Glass formation and glassy behavior remains an important field of study in condensed matter physics, with many aspects still little understood. The approach used in this work is to observe the changes in behavior of glass-forming materials at the nanometer scale by exploring the viscoelastic properties of ultrathin free-standing glassy polymer films. An experimental measurement cell based on the nanobubble inflation method is used, consisting of inflating a polymer film suspended over an array of 5 m diameter holes in a Si wafer. Measuring the deformation as a function of time as the material relaxes is used to determine the creep compliance. Both polystyrene (PS) and poly(vinyl acetate) (PVAc) films of a few tens of nm thickness prepared by spin-coating from solution have been studied. Interference microscopy is used to measure the deformation over several hours, which is challenging at the nanoscale due to mechanical deformations and drift. In this paper we present some of the first solutions developed to allow consistent measurements of film deformation using this novel interference nanoscopy technique. Future work will involve the measurements of creep compliance as a function of different film properties so as to be able to compare the results with theoretical predictions.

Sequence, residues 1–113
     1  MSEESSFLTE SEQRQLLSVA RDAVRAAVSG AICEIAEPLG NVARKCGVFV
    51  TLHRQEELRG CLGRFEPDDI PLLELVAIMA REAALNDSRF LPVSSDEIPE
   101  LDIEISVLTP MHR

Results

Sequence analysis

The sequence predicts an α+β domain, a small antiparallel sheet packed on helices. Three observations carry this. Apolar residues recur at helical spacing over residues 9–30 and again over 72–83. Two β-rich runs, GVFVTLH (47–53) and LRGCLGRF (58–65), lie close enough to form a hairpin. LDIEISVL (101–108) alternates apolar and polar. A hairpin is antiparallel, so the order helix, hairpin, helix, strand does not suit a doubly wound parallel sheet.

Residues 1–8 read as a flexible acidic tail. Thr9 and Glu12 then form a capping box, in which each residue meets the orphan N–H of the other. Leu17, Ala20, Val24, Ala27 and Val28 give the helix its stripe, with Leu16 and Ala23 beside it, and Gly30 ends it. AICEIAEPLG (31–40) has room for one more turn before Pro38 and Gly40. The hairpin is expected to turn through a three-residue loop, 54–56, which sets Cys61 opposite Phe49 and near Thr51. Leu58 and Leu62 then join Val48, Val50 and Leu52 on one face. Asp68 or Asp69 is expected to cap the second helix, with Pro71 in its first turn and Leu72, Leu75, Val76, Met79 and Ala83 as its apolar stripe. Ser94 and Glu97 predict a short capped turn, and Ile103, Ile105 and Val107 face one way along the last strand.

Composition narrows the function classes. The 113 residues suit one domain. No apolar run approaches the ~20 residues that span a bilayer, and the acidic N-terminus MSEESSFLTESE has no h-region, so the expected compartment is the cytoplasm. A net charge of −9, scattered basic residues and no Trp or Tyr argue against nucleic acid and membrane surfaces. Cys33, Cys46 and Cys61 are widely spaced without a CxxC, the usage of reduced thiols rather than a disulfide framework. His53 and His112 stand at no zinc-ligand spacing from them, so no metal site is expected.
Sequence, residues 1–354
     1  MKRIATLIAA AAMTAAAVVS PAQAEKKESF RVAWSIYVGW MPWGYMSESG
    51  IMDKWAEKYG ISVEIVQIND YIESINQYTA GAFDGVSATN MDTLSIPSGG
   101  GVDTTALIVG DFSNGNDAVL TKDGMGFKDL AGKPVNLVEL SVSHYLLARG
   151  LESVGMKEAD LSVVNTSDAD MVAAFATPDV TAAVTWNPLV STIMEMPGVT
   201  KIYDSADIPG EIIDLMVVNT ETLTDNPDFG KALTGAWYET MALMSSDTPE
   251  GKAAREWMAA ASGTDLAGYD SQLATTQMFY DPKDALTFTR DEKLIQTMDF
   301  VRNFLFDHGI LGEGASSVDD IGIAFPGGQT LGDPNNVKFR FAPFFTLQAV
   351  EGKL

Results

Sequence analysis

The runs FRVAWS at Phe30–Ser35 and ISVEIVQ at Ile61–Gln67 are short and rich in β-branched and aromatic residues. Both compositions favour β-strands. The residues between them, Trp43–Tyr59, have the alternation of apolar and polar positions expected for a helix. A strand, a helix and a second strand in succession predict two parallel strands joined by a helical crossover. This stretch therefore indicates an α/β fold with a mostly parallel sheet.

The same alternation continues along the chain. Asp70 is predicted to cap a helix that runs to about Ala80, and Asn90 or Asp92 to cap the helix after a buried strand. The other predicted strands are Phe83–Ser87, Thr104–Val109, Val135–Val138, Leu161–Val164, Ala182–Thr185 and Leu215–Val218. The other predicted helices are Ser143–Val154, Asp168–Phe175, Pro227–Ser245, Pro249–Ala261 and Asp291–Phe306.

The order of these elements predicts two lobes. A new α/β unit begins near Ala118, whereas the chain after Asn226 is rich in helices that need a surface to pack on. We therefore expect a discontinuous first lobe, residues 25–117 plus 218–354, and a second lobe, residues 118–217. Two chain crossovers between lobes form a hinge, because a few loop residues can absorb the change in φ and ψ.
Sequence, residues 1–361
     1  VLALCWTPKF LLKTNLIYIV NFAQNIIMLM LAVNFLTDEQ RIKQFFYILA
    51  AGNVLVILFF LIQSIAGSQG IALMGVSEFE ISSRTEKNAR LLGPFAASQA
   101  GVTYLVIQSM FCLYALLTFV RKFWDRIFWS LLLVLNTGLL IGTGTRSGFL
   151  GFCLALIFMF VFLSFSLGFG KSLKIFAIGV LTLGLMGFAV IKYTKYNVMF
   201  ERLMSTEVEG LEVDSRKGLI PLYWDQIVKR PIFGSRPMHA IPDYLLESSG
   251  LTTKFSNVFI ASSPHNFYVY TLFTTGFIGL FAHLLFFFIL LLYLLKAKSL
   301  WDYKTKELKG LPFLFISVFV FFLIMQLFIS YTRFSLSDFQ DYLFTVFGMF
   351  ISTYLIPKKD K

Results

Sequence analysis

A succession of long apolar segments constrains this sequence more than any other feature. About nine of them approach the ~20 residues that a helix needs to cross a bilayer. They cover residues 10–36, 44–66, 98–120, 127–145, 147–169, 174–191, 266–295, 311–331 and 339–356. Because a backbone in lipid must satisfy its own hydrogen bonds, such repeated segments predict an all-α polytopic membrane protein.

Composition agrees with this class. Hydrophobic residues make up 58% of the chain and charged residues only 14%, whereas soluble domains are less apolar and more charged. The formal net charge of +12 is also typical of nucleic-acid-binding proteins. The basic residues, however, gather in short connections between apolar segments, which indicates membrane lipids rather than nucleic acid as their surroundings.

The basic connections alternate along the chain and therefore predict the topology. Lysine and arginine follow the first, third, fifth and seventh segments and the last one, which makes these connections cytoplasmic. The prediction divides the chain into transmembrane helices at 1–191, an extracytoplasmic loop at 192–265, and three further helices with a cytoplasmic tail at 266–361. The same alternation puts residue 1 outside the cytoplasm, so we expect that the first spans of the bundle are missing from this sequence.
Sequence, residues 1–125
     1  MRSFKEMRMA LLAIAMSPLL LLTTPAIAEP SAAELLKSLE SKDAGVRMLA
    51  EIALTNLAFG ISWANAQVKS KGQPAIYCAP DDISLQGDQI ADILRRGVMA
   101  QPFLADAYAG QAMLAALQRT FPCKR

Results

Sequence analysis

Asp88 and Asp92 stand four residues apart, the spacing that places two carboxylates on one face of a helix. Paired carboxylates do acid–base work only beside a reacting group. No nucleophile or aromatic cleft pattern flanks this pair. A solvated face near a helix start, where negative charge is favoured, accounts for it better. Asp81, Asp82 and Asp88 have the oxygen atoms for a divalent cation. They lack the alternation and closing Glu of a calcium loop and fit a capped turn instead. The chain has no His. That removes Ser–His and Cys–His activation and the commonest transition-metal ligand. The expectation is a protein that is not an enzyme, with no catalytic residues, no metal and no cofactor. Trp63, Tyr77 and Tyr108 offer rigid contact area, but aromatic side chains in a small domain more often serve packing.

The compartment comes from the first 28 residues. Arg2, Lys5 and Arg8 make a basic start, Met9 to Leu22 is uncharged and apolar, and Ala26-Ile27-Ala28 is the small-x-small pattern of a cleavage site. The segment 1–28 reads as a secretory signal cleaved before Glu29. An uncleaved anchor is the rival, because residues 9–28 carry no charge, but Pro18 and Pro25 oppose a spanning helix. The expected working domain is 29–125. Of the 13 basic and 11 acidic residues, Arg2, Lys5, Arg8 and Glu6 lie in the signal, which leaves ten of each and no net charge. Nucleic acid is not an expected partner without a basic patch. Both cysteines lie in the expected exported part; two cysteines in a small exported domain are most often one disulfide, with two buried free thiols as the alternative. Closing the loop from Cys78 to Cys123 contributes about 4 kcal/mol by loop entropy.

|Journal||Journal of Physics: Conference Series|
|State||Published - Feb 6 2017|
|Event||INERA Workshop on Membrane and Liquid Crystal Nanostructures, MELINA 2016 - Varna, Bulgaria|
Duration: Sep 3 2016 → Sep 6 2016